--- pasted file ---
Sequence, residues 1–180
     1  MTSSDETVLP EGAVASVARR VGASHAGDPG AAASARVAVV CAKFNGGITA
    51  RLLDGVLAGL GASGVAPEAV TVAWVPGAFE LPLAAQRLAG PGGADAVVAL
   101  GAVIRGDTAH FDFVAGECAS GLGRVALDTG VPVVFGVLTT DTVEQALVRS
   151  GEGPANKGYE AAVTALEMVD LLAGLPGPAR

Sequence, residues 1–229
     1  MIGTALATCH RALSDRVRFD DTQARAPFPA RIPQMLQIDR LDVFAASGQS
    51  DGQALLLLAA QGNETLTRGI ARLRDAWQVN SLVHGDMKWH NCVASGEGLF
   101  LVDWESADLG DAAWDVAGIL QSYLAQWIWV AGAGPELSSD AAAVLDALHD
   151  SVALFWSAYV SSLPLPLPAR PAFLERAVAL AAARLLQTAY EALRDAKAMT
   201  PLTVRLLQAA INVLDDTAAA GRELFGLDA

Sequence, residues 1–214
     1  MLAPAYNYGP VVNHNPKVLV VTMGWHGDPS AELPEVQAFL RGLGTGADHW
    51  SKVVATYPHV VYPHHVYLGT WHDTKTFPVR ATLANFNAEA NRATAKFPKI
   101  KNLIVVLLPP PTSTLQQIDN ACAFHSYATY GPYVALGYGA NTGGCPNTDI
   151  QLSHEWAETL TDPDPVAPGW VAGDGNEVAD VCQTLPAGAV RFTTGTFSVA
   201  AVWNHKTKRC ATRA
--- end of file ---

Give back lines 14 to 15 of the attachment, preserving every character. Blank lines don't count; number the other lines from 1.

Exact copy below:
    51  SKVVATYPHV VYPHHVYLGT WHDTKTFPVR ATLANFNAEA NRATAKFPKI
   101  KNLIVVLLPP PTSTLQQIDN ACAFHSYATY GPYVALGYGA NTGGCPNTDI